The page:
• Loren Bahor, MSW, LCSWA

Executive Function: The Brain's CEO

The term “executive function” has become a bit of a buzzword in the fields of psychology and education, and understanding it can be a little confusing.


My goal with this blog is to make learning what it is and remembering what it is as simple as possible. Also, I find brain stuff to be mucho confusing, so I often request for people to explain brain stuff to me like I am 4 years old, and I find it helpful to make it easy for others, as well.

OKAY, SO! The easiest way to think about executive function is to compare it to the Chief Executive Officer (CEO) of a company.


Think of someone with a magnificently decorated corner office in a high-rise building in NYC - overlooking central park. The person who gets paid the big bucks to make the important decisions - setting the vision and strategy for short and long term plans and overseeing the general operations and performance of the company. Your executive function is your CEO, and what it oversees is all of the big and little details that allow you to run your life.


For context, executive function starts in the part of the brain called the frontal lobe.


This part of your brain sits right smack in the front of the brain, behind your forehead (hence the office with the incredible view), and it acts as a director for various other parts of your brain, depending on what you need or are trying to do.


Executive function performs many of the same duties as a company’s CEO – it is the command center for our cognitive skills.


Cognitive skills are really really really important (I cannot express this enough) core, foundational skills that your brain uses every single day to accomplish just about everything you do. (Basically, all the things)!


Cognitive skills and executive function skills are the equivalent of you on the days when you put your hair up in a messy bun, and you get shit done! They are the total boss.

Examples of executive functions include:

· Working memory

· Problem solving

· Decision-making

· Planning & organizing (and not procrastinating!)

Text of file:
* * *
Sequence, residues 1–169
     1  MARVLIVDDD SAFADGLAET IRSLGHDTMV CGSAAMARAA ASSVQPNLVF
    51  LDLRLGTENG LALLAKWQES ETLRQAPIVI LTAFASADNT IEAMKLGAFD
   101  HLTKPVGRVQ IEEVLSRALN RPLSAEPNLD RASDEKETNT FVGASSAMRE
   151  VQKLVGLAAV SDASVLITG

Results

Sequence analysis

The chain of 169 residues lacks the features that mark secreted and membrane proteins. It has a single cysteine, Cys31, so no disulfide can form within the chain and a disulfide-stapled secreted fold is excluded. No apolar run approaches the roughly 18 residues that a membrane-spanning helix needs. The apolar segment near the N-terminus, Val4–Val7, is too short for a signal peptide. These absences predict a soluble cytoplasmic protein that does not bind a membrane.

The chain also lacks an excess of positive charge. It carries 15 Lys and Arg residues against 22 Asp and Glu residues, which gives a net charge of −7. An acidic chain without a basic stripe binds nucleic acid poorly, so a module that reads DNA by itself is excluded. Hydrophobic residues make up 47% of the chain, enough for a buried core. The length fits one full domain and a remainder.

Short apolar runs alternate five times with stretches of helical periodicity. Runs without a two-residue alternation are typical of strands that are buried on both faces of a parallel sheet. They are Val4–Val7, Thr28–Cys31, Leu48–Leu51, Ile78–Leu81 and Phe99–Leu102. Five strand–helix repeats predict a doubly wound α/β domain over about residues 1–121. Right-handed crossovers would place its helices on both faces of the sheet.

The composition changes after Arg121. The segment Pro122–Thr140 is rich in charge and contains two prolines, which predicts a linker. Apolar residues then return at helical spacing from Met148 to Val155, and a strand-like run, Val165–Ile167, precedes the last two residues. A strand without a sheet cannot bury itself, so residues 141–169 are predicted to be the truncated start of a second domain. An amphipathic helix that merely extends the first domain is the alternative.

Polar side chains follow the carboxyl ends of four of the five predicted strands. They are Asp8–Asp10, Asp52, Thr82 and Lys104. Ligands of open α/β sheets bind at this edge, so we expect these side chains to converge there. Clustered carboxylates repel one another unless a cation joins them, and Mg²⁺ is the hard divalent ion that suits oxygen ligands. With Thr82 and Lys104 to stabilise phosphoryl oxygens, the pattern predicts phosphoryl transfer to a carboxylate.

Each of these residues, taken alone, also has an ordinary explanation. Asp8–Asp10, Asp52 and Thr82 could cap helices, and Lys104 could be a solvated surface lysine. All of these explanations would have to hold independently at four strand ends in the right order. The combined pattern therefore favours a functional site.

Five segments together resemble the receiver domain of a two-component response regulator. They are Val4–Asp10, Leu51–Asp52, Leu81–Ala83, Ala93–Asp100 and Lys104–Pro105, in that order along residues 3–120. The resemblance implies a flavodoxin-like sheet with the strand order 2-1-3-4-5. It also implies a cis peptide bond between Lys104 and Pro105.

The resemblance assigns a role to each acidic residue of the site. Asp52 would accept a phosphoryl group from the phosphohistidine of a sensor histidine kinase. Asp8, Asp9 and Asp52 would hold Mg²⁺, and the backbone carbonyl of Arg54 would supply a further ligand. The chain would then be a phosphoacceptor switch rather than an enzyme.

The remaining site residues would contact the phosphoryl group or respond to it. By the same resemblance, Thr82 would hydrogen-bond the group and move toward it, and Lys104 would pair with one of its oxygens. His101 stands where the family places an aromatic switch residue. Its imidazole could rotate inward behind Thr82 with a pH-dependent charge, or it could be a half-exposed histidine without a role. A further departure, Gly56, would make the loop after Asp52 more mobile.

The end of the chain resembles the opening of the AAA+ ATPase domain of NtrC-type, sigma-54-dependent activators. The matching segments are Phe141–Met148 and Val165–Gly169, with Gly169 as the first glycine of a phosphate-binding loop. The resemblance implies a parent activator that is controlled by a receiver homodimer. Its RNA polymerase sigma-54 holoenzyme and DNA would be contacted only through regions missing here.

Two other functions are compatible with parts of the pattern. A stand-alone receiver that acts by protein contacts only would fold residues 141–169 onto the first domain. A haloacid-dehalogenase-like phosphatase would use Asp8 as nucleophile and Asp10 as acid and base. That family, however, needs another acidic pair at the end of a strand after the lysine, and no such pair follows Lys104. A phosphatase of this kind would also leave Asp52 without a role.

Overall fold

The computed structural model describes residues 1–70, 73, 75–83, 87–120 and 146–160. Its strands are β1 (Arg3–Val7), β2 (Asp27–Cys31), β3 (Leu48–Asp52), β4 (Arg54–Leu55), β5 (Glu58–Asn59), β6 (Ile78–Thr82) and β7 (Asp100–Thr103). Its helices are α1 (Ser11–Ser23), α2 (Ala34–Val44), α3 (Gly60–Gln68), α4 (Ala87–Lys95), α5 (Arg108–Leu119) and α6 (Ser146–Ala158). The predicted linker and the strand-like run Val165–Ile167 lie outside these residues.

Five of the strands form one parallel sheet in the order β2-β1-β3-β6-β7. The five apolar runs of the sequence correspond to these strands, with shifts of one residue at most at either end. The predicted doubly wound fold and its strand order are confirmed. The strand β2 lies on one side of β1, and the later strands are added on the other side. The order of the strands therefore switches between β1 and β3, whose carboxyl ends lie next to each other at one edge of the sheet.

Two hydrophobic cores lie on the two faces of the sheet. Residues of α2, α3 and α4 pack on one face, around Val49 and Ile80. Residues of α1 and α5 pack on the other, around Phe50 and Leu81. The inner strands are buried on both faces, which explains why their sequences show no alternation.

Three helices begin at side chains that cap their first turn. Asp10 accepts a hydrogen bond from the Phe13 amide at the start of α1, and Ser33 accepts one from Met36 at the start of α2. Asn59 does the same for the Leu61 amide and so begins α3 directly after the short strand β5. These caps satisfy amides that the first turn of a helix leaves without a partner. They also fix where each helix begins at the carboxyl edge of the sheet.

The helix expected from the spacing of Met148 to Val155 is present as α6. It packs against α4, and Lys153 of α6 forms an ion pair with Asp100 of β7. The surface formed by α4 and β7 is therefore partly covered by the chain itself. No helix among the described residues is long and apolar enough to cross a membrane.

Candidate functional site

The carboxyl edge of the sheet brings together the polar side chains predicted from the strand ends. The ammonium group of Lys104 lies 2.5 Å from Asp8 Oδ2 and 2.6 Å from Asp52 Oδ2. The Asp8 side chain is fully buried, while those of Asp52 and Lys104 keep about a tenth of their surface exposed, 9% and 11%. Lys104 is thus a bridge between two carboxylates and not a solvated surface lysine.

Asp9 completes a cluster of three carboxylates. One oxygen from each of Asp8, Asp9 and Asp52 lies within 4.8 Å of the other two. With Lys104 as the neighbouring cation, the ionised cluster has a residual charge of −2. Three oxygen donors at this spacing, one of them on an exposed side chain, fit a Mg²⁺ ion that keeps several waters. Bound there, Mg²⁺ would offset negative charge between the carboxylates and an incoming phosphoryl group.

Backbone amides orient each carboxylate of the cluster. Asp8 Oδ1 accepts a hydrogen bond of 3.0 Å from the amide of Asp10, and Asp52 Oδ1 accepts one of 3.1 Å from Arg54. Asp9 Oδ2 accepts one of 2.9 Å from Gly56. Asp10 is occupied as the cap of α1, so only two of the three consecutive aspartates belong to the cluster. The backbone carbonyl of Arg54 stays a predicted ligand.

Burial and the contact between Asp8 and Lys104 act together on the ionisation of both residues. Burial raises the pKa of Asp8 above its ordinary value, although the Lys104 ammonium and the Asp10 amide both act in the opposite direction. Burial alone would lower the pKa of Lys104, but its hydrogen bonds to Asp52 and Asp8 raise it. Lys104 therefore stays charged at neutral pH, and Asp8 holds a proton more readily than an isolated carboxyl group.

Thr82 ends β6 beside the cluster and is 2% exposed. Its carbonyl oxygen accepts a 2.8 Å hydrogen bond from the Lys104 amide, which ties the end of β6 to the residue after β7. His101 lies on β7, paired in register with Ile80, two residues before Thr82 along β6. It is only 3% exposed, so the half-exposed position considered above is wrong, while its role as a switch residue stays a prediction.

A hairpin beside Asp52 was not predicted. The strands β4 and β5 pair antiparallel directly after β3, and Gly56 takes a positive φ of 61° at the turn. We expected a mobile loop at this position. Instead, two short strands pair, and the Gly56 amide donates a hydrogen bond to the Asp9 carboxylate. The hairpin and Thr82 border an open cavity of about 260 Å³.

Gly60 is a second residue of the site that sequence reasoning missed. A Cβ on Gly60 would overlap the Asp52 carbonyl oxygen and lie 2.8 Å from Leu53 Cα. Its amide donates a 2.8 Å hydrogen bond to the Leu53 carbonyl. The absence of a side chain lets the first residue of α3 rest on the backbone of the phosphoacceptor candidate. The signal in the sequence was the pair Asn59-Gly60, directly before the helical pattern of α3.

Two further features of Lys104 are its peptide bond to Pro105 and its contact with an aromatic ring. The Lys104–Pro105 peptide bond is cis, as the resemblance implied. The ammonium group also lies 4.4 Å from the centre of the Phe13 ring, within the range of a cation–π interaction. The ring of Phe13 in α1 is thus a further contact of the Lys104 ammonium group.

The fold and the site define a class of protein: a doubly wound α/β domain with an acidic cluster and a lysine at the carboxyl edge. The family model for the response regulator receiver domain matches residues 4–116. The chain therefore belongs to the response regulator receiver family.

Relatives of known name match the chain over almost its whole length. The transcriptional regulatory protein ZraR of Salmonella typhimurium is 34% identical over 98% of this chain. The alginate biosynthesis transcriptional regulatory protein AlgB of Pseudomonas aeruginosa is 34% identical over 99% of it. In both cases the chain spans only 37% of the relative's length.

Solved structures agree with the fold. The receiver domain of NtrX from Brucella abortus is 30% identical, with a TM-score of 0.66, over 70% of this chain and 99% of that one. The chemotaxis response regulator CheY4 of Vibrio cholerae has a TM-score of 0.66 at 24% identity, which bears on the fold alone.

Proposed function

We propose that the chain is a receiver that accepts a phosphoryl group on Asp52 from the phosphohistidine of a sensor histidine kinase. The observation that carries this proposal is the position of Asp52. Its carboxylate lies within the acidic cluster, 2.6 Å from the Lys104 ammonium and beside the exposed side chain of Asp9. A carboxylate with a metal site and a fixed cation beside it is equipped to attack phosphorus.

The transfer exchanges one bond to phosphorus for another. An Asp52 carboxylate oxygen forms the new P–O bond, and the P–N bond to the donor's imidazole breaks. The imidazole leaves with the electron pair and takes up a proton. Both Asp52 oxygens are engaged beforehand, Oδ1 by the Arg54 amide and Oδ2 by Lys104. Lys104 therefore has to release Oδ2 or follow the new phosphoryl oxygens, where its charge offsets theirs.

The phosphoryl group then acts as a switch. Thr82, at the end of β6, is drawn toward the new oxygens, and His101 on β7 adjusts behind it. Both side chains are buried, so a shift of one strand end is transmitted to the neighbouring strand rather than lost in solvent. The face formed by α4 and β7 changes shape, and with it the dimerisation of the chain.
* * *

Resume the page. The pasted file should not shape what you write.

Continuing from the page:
· Managing attention

· Language

· Motivation

· Judgment (the ability to assess what we should and shouldn’t do)

· Delaying Gratification (self-control or the ability to control what we should and shouldn’t do)

· Time Perception

· Adapting to changing situations

· Self-monitoring (keeping track of what you're doing)

· Regulating emotions (emotional self-control)


We rely on our executive functions for everything from taking a shower to making sure we get to work on time to making sure our taxes are sent in. For those with ADHD, a lot of these seemingly simple things can feel really, really hard – in fact, every day life can feel like an overwhelming struggle.



Research on ADHD has found that impairment of executive function is closely linked to ADHD and suggests that it just might be the main deficiencies in the disorder.


Also really important to remember that impairment in executive function has nothing to do with a person’s intelligence.


The trouble is that it doesn’t matter how smart you are of if you never do your homework, or if projects at work are consistently late.


Difficulties with executive function looks different for every person. If you have ADHD or think you might, it can be really helpful to learn which brain functions are strongest and which are weakest in order to target the ones you have most difficulty with.


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